The Committee noted that a published analysis of randomised controlled trials contained in the sponsor's safety database for esomeprazole did not find an association with pneumonia. They noted however; that respiratory tract infections were not routinely specified outcomes in these trials, which limited confidence in the result.

The Committee considered that the observational studies were largely subject to a number of limiting factors including lack of validation of cases, residual confounding, lack of information on potential confounding factors, extent of exposure and misclassification bias.

The Committee noted that it has been hypothesised that pneumonia secondary to PPIs is due to increased gastric pH. The increase in gastric pH caused by PPIs may allow for several species of bacteria to grow in the stomach. This increase in gastric bacteria may lead to microaspiration and lung colonisation with a potential for causing pneumonia. The Committee noted the lack of a temporal association in that most studies found the greatest risk occurred shortly after initiation of a PPI, prior to the full gastric acid suppressing effect which occurrs around seven days after initiation of therapy. In addition the Committee noted that a microbiological study conducted in patients taking PPIs did not find an increase in pneumonia due to gastric bacteria. The Committee agreed that it was difficult to determine an accurate onset time for pneumonia and questioned if there were instances where PPIs were being prescribed for the treatment of the early symptoms of pneumonia.

The Committee agreed that there may be a weak association between PPIs and pneumonia but that there was insufficient information at this time to confirm a causal effect. They recommended that this issue be reviewed again should more information become available.

The Committee expressed concern regarding the extent of PPI use in New Zealand. They noted that BPAC have previously published an article on managing dyspepsia and heartburn in general practice, and agreed that an update would be timely. They recommended that BPAC be contacted regarding an updated article.

Recommendation 6

The MARC recommended that the issue of PPIs and pneumonia be reviewed again should more information become available.

Recommendation 7

The MARC recommended that BPAC be contacted regarding publishing an update to their previous article on managing dyspepsia and heartburn in general practice.

4 Matters arising from the New Zealand Pharmacovigilance Centre

4.1 Centre for Adverse Reactions Monitoring (CARM) Quarterly Reports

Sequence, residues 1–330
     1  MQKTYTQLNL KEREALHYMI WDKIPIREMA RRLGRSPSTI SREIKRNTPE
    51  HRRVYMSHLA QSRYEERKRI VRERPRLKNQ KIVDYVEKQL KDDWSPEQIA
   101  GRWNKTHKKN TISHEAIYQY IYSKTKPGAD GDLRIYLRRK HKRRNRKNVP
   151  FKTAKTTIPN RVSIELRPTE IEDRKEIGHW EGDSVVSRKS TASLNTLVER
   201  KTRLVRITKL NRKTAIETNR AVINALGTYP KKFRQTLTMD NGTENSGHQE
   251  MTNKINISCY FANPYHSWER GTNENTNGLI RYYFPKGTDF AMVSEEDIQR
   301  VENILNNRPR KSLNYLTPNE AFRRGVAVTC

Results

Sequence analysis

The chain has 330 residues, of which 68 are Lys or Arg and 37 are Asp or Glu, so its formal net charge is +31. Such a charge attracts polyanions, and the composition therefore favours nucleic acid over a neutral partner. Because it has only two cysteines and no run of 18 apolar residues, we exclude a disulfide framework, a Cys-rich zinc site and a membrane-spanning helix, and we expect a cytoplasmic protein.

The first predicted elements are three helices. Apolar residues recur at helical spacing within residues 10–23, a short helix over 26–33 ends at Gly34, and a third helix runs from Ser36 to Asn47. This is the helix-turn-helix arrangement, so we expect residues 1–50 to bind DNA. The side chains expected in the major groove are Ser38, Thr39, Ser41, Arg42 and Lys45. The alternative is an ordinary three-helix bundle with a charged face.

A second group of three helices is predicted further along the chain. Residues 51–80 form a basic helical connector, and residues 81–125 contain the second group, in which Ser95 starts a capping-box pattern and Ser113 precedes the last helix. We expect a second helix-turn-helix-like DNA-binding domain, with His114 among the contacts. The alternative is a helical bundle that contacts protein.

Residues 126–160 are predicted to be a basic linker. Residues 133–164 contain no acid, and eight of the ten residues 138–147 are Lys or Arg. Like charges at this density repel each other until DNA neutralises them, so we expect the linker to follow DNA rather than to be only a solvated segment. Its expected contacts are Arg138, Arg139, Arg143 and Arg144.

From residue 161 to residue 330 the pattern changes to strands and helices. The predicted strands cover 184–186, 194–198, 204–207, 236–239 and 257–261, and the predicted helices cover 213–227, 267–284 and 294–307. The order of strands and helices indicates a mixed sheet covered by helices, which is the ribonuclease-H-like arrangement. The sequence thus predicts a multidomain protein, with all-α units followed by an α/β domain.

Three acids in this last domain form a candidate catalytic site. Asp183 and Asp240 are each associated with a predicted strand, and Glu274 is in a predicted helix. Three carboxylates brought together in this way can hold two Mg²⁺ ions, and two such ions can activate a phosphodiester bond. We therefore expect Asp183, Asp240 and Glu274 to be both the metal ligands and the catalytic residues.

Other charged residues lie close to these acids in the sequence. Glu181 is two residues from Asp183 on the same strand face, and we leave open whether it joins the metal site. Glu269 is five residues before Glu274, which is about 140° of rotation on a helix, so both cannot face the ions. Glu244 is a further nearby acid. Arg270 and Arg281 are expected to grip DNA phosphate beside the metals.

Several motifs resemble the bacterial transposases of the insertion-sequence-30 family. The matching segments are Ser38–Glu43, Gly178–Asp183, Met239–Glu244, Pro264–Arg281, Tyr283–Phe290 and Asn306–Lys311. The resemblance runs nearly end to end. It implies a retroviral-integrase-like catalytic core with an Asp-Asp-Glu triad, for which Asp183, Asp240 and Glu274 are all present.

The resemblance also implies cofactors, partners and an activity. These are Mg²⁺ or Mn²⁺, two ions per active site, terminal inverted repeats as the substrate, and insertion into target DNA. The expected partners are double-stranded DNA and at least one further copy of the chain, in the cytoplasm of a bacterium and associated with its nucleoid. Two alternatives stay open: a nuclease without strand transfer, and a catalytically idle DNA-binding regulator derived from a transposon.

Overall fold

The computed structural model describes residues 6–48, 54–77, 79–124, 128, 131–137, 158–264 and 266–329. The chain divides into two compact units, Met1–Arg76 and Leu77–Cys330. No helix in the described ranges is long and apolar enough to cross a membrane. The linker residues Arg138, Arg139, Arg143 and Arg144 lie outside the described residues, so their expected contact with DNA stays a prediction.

Potential Safety Signals from Single Case Reports

No potential safety signals were identified by CARM this quarter.

4.1.2 Fatal Cases (Causal Cases Only)

Members were given a brief description of the fatal reports for which CARM had assessed the causality to be at least possible.

The Committee noted the report of a case of cerebral haemorrhage in association with alteplase. They requested that CARM undertake a review of cases of cerebral haemorrhage in association with fibrinolytic agents and report back to the MARC.

The Committee did not consider any of the remaining reports required further action.

4.1.3 Special Populations: Serious Cases Associated with Medicines in Children under 18 years (Causal Cases Only)

Reports of serious cases associated with medicines in children under 18 years were briefly outlined for the Committee.

The Committee did not consider any of the reports required further action.

4.1.4 Special Populations: Serious Cases Reporting Adverse Events Following Immunisation Terms with Vaccines in Children under 18 years

Reports of events occurring in children under 18 years were briefly outlined for the Committee.

The Committee did not consider any of the reports required further action.

4.1.5 Special Populations: Serious Non-Fatal Cases Causally Associated with Critical Terms in Patients Over 80 Years

Reports of events occurring in patients over 80 years were briefly outlined for the Committee.

The Committee did not consider any of the reports required further action.

5 ANNEXES

3.2.1 Use of codeine in children post-surgery and implications with ultra-rapid metabolisers

  1. Codeine use in certain children after tonsillectomy and/or adenoidectomy may lead to rare, but life-threatening adverse events or death. FDA Drug Safety Communication/ucm313631.

3.2.2 Proton Pump Inhibitors and pneumonia

  1. PPIs and pneumonia. September 2012. New Zealand Pharmacovigilance Centre.
  2. Giulano C et al. 2012. Are proton pump inhibitors associated with the development of community-acquired pneumonia? A meta-analysis. Expert Rev. Clin. Pharmacol 5(3):337-344.
  3. Eom C-S et al. 2011. Use of acid-suppressive drugs and risk of pneumonia: a systemic review and meta-analysis. CMAJ 183(3): 310-319.
  4. Hermos JA et al. 2012. Risk of Community-Acquired Pneumonia in Veteran Patients to Whom Proton Pump Inhibitors Were Dispensed. Clinical Infectious Diseases 54(1):33-42.

The Chair thanked members, the Secretariat and Medsafe staff for their attendance and closed the meeting at 2.50 pm.

Associate Professor D Reith Chair
Medicines Adverse Reactions Committee